Of course, those 12 or 13 of you that want the really long answer are welcome to freely read my book, Fundamentally Flawed, chapter one posted here...
http://econimica.blogspot.com/2015/02/fundamentally-flawed-chapter-1-advanced.html




10 comments:

  1. "This likewise encourages corporations to do the same with, in essence, free money."

    Where is this 'money' coming from and what is it's 'price'?

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    Replies
    1. Corporations are issuing record debt, largely through bond issuance, at near record low yields. Some corporations, like Nestle, have recently even issued negative yielding debt.

      Good recap yesterday on ZH
      http://www.zerohedge.com/news/2015-04-01/companies-go-all-rate-hike-issue-record-debt-q1

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    2. Thanks for your reply.

      If we are talking about corporations issuing record debt, then 'my take' is that businesses and individuals are entering into freely negotiated contracts {or fund managers are 'persuading' their clients [earning commission] to buy corporate debt}.
      Rightly or wrongly they are freely 'choosing' to purchase the debt. The willingness of corporations to issue debt is because there is a demand for the debt even at, what appears to be, ridiculous yields?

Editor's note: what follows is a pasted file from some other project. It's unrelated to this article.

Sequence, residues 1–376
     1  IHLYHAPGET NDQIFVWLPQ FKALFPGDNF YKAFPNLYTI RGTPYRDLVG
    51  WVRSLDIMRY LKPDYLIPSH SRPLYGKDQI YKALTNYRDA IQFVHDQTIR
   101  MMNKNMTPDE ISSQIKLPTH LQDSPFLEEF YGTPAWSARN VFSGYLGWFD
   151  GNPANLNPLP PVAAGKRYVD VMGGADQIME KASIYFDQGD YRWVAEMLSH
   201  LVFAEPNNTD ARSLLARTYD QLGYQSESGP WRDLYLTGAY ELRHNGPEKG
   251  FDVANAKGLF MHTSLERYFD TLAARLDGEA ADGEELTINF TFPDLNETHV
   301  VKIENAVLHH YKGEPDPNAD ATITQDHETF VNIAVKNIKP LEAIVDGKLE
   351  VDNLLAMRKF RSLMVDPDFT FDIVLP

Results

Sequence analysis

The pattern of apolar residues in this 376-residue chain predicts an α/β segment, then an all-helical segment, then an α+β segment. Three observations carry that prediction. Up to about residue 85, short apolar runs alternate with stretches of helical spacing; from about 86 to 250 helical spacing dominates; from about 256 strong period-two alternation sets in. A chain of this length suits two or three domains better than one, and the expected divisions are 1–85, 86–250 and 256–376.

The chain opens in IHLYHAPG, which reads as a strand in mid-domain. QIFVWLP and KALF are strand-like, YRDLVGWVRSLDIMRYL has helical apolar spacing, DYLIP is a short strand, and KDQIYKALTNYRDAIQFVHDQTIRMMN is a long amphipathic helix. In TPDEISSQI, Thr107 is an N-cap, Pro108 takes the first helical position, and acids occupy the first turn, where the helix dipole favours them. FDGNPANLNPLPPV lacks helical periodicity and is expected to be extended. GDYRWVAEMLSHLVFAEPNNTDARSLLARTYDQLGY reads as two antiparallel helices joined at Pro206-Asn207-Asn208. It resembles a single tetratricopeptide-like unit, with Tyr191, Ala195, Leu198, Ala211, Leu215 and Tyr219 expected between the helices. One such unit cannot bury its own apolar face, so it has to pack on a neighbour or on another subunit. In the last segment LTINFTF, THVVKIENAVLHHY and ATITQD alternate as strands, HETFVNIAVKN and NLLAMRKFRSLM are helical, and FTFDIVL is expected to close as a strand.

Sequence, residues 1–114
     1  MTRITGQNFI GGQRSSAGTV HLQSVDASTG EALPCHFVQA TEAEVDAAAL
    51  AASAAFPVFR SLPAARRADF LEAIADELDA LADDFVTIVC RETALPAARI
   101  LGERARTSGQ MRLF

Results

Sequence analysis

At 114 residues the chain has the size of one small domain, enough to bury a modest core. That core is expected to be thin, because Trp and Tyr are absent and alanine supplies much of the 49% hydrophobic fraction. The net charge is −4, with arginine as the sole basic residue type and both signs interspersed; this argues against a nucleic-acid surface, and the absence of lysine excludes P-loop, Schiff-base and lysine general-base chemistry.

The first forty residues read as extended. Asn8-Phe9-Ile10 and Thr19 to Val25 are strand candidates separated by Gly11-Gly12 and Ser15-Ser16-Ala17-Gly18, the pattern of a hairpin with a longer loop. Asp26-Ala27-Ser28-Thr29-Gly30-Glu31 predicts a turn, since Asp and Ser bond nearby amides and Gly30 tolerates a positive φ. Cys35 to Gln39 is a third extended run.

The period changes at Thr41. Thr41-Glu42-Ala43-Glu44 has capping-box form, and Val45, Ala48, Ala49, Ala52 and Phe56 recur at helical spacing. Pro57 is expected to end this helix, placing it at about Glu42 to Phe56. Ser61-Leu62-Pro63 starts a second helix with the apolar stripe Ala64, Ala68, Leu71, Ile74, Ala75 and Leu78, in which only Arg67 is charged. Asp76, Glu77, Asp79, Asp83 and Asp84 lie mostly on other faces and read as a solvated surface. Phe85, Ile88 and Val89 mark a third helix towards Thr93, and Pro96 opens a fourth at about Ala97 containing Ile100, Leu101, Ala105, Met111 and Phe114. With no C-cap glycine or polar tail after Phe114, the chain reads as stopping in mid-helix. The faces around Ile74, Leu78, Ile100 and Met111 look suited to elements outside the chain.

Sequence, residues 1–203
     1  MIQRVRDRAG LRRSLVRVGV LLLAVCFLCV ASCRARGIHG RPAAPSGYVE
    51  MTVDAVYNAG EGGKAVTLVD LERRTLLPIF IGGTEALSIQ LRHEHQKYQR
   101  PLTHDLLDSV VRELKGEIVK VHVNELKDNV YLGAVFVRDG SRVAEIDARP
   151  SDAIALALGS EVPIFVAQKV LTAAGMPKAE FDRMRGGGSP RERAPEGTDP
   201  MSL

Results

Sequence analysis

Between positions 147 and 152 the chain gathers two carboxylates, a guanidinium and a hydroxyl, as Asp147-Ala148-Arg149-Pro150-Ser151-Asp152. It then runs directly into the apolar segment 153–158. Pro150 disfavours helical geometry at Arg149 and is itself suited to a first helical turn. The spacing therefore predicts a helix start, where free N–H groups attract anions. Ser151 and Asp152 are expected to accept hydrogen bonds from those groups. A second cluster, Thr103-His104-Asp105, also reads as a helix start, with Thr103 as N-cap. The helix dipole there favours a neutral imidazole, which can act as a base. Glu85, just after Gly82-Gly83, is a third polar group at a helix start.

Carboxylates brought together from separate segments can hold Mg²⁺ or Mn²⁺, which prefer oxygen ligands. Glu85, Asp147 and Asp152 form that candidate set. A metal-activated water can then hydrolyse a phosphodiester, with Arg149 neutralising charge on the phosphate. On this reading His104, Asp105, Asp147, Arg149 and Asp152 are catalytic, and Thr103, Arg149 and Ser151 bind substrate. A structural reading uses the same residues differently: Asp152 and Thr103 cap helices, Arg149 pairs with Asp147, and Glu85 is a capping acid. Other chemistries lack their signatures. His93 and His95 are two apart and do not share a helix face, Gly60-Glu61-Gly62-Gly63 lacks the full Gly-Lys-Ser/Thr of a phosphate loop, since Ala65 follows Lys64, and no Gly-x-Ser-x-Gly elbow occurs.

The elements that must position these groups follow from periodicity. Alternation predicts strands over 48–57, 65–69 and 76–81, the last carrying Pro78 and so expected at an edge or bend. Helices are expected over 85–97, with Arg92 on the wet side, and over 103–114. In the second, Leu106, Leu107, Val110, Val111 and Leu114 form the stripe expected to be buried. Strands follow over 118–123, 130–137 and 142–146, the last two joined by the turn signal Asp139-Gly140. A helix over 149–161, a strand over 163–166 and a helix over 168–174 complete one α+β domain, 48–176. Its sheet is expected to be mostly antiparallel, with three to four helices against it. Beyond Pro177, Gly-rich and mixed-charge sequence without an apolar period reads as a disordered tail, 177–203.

The money is only 'free' because people are willing to exchange their money for debt?

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    3. Yup - it's certainly free will of corporations to issue record debt and take advantage of record low yields...but the buyers of the debt have little choice...they are primarily institutional types (pensions, insurers, banks, etc.) that need 7.5% to 8.5% returns to meet their targets...they typically have regulations regarding the portfolios make-up and need bonds of certain qualities. Given the Treasury market has generally been made un-investable for those needing a fixed return (Fed and "foreign" bid have pretty much bought all the notes / bonds since '11 at yields no investor could suffer)...institutional buyers are left with no choice but to go with the best of the rest, corporates...and slowly either go bankrupt on safer issuance or literally risk it all to attempt to find their 8% returns.